Monday, September 9, 2013

Back to Basics

The question posed by the clergy to religious believers "Where will you spend eternity" is of course a reminder to them that when they die, there is a  heaven and hell where God will send their souls forever. In which of the two destinations they will wind up is based on their faith in and adherence to biblical scripture.

As an atheist I find such a doctrine utterly absurd on so many levels. For one thing there's no evidence of  either a God; nor is there any proof of an afterlife, let alone one in the sky populated by harp-playing angels and streets of gold or alternatively, the other at the center of the earth filled with souls writhing in fire and brimstone. Then there are those who project "the next life" as a continuation of our current existence.  I know a woman who every year wishes her deceased mother a happy birthday in heaven. Then there are those who think that they will be reunited with their departed loved ones.

These are the images of eternity with which Americans and other Western world people (especially Christians) are most familiar and in which they are likely to believe.  However, this set of  fables is just one of many myths of life after death which are equal to the number of religions throughout  the world. They can't all be right, but most of their respective adherents claim that their particular version is the only real one.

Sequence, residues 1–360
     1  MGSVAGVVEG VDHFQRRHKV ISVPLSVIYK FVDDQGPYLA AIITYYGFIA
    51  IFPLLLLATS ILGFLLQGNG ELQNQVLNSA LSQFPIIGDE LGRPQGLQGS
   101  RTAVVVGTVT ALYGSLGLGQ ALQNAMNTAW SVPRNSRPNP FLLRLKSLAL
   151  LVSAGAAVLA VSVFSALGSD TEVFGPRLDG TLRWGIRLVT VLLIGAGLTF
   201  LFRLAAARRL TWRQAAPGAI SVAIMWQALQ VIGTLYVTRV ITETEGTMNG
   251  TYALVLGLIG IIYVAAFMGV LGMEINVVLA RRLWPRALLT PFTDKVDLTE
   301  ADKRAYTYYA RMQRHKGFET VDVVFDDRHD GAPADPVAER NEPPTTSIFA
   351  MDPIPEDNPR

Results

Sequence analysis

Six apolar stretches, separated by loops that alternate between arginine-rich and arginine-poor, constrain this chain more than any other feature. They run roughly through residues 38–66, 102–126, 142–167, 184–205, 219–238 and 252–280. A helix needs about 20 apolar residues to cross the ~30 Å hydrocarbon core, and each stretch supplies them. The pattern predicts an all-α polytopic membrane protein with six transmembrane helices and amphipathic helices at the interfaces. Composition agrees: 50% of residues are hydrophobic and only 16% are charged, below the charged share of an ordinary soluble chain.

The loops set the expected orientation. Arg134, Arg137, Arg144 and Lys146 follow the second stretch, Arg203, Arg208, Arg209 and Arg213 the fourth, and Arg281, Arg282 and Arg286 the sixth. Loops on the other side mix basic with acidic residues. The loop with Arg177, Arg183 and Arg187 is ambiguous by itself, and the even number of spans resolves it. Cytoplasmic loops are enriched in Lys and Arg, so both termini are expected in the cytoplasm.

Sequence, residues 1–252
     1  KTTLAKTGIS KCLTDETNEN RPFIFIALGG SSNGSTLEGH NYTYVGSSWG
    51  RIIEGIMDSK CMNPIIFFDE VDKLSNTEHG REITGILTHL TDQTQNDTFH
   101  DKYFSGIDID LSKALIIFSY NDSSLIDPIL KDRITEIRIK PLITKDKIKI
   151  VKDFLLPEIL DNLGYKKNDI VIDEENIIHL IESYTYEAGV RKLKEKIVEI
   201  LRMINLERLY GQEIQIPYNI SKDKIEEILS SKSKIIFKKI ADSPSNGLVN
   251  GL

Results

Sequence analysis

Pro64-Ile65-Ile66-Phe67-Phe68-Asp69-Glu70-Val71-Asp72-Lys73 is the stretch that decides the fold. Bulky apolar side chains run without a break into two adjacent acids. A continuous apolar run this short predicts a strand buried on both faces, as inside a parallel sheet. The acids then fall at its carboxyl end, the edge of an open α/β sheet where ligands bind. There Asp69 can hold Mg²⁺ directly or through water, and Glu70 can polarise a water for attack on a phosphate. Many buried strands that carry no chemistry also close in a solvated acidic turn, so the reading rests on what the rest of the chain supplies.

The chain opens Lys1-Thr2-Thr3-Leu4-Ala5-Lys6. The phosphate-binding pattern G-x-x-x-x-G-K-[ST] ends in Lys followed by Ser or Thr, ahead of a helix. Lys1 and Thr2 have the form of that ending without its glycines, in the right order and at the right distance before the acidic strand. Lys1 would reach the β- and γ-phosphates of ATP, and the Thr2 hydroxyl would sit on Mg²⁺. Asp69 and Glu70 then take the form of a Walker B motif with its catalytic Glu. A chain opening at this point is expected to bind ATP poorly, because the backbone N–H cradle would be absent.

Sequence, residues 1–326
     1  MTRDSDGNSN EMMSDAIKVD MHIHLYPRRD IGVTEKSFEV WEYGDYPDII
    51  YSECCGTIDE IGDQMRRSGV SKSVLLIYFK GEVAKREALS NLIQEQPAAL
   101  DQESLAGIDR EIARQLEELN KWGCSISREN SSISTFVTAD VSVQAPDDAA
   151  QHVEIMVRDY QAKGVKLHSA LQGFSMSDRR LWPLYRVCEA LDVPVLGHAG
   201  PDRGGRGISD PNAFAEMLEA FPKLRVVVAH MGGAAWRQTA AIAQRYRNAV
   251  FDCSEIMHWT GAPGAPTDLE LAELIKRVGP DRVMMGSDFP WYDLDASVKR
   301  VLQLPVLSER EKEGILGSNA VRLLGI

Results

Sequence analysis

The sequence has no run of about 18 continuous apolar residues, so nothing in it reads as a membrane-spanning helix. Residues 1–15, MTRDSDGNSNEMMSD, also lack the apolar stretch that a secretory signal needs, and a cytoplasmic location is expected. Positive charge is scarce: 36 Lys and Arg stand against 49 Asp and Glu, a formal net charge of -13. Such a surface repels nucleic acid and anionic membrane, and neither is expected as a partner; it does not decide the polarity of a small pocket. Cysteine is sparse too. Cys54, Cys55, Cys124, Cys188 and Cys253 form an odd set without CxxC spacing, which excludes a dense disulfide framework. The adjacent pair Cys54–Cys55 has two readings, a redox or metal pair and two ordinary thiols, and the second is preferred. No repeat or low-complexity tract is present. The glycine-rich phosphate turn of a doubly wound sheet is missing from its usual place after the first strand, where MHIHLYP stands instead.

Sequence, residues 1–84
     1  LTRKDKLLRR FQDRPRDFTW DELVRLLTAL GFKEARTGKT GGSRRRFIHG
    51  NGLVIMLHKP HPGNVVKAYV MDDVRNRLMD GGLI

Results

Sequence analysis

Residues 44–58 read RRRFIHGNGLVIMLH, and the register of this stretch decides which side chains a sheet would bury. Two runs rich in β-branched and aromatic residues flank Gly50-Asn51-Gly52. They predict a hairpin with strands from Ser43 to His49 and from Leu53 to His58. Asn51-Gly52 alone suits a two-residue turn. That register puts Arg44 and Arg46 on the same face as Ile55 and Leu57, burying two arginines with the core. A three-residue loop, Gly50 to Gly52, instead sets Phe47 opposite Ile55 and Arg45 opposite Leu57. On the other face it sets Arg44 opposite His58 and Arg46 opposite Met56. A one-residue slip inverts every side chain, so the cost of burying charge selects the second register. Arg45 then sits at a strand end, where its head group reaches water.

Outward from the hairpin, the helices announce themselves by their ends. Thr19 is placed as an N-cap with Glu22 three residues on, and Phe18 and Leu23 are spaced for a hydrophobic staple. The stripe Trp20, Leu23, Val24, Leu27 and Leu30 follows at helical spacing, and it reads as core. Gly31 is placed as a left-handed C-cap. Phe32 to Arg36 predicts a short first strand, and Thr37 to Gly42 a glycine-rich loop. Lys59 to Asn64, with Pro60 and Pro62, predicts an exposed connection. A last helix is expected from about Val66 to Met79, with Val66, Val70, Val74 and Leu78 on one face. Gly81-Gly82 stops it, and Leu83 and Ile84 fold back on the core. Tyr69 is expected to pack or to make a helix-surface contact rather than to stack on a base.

I have considered another and more sublime scenario that awaits us when we die and one that sounds reasonable:  We know of course  that our bodies decompose and our minds cease to function.  But beyond that we disintegrate into the scattered atoms that constitute the elements of the universe from which we were formed individually and to which we will return. From there they may combine with other animate and inanimate substances alike. Further, this process will continue as long as the universe existsmost likely at least several billion more yearswhich is as close to immortality as we can hope to achieve.  As Carl Sagan put it: "The nitrogen in our DNA, the calcium in our teeth, the iron in our blood, the carbon in our apple pies were made from interiors of collapsing stars. We are made of starstuff."

On a personal level, IMO there is no reason to worry about death.  In the words of Mark Twain:  “I do not fear death. I had been dead for billions and billions of years before I was born, and had not suffered the slightest inconvenience from it.”  Nor do we have reason to believe that we will do so after we're gone.